Wednesday, December 26, 2012

The Halo Effect

Mother, put those boobs away!  I'm already too wise & saintly for them.  
I have always been a big fan of European Medieval painting.
Back in those days you didn't just set up shop as a painter and decide to paint still lives, a couple of dogs sitting around playing poker, or a white jump-suited Elvis in concert on velvet ... not that they had Elvis back then, and frankly I'm not even sure they had velvet either. 
You painted Jesus.  
You painted Jesus with a total lack of artistic perspective and depth, with the infant Jesus as a shrunken adult about to present his graduate level dissertation at Brandeis, and  most prominently with Jesus adorned with a humongous disc about his head and shoulders that looks, more or less, like a golden Frisbee on steroids.  It's commonly known, of course, as a halo.
The painting above is of Jesus and his mom, both packing halos so large the back of their necks are likely to sustain third degree burns.  One can't be sure if those who followed the Star of Bethlehem to check out the baby Jesus were enthralled that he was the Messiah or with the preternaturally enormous halo he'd been super-endowed with.
Now look at the painting of Jesus and his disciples below: all of them have halos!  How did that work?  Were they all born with halos just like Jesus, or did Jesus hand out a halo to each newbie as he joined up? And did he ever get them all back?




The Halo Effect in paintings of the Medieval and Early Renaissance periods raises many fascinating questions, all of them blasphemous.  But I believe these questions can be boiled down to an essential three:
1) Did Jesus actually appear in life with one of those?  If so, why didn't everyone follow him and how screwed are we Jews today?
2) What of those who don't have halos in the paintings?  Are they evil,  just common folk, or did they leave them in their other suit? 
3) Do halos require cleaning and polishing?  If so, is there an over-the-counter product? Must you clean a small area in the back first to make sure there's no staining?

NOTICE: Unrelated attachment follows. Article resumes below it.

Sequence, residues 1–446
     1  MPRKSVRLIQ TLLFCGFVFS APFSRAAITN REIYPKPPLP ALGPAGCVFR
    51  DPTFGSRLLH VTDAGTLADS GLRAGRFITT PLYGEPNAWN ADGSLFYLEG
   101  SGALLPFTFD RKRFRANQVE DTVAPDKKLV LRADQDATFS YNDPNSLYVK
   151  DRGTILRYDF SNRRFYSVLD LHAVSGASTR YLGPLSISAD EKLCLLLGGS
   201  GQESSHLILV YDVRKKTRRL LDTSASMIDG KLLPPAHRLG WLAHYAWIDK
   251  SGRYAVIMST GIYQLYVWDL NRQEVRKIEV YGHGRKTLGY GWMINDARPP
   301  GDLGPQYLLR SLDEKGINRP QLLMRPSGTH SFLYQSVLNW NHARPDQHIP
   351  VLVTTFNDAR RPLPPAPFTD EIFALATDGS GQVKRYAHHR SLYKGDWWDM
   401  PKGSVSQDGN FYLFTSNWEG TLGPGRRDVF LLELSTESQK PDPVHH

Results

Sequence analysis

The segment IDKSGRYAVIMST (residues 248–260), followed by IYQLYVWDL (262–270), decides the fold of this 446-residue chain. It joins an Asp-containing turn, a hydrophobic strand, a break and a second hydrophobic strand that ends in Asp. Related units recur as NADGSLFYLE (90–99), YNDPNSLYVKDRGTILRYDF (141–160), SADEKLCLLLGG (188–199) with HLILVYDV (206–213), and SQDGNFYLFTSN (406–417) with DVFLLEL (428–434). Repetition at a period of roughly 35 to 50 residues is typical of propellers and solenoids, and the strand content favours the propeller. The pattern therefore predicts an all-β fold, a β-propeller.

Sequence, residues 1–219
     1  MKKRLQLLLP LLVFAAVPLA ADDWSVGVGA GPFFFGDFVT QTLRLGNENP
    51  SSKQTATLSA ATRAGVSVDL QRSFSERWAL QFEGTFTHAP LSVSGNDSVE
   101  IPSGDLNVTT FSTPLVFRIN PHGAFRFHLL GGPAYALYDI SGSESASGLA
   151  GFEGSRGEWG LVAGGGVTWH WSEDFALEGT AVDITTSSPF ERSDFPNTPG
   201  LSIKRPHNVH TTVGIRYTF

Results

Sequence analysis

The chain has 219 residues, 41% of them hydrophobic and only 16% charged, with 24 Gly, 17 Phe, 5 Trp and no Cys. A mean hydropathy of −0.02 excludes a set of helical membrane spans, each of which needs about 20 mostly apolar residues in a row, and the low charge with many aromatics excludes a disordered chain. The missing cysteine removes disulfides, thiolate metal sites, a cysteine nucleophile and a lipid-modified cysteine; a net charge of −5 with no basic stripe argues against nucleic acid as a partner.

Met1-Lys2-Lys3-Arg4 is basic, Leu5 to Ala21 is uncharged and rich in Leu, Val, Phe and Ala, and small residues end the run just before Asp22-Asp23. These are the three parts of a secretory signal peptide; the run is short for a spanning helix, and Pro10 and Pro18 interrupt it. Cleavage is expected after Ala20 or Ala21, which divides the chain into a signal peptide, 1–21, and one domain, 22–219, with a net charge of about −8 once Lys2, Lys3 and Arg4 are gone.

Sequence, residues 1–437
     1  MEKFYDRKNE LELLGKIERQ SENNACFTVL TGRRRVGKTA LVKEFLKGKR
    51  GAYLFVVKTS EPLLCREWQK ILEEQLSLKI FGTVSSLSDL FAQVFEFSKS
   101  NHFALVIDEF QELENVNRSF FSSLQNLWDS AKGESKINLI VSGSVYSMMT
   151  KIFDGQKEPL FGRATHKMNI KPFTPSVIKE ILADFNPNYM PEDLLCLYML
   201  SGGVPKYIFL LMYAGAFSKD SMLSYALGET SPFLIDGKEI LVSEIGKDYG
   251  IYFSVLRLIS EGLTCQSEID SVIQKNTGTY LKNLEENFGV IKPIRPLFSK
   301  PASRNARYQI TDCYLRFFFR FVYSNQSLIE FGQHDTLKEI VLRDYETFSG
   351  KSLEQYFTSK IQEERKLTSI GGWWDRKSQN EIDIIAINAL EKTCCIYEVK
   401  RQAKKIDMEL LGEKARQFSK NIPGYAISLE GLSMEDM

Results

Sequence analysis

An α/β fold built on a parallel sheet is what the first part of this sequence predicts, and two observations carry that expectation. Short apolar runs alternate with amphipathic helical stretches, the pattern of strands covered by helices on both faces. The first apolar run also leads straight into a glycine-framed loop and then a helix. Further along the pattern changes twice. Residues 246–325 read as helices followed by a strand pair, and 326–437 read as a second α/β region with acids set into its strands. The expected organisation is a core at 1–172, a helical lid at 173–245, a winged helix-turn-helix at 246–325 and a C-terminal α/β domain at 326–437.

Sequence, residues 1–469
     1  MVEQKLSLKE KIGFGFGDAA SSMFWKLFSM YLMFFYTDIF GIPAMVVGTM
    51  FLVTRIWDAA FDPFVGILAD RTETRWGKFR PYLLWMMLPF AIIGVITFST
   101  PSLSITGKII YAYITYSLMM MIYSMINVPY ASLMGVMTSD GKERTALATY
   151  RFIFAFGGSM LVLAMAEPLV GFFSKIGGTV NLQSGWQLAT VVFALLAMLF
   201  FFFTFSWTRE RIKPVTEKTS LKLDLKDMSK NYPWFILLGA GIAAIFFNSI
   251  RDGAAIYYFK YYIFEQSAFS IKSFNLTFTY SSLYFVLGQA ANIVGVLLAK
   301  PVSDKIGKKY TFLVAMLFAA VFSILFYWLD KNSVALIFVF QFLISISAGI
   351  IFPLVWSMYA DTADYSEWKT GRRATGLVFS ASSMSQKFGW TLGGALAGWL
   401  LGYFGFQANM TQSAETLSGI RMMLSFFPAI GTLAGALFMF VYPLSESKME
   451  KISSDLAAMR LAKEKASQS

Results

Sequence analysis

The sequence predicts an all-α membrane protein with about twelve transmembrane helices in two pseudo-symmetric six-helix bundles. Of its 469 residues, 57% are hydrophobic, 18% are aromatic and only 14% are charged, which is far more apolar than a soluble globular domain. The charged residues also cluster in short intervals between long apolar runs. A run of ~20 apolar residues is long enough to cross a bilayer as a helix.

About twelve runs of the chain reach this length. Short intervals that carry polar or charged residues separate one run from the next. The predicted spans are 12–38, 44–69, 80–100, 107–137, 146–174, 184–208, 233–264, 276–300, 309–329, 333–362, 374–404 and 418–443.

I'll defer the answers to these questions to wiser heads than mine, all of which probably possess halos. For now, suffice it to say that I  sure wish halos really existed outside of Medieval paintings. They could serve as such handy guideposts to everyday life: 


"You're my lawyer?!  You?"
"Why, what's wrong?"
"What's wrong? You have a halo!"

*****

"First time I've ever met a blind date over Skype before."
"Me too!"
"Hey, this is promising!  No halo!"
"No, dude, this isn't.  You have one."

****

"I am your Messiah.  I am the Light.  I am ..."
"Hold it, buster!  Where's your halo?"
"Halo?  Umm, errr ... that's only in paintings!"
"Na-ah! Oprah has one!"


So next time you're in an Art Museum, and you're thinking "I'm really only here to impress chicks," wander over to the Medieval Section. 
Check out the paintings.
And if you can find just one where Jesus wears no halo, chalk up a point for the Jews!
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All right, guys, stop rubbing it in!

4 comments:

Lynn said...

Hmm. Never thought about that before but, well, yeah. Now that you mention it, it is kinda weird.

What else is weird, Perry? What else is right beneath our noses every day so we don't even notice it and still ... well ... weird? :-)

Perry Block said...

The philtrum?

Why, I am obsessed by it!

Russell said...

I always wondered why that period of history was called "Mid-evil." This implies it was sandwiched between "Less-Evil" and "More-Evil." Although I'm not sure which one we are living in today.

Perry Block said...

I think we are both in "late Mid-Evil." And that's as old as I'm getting, halo or not!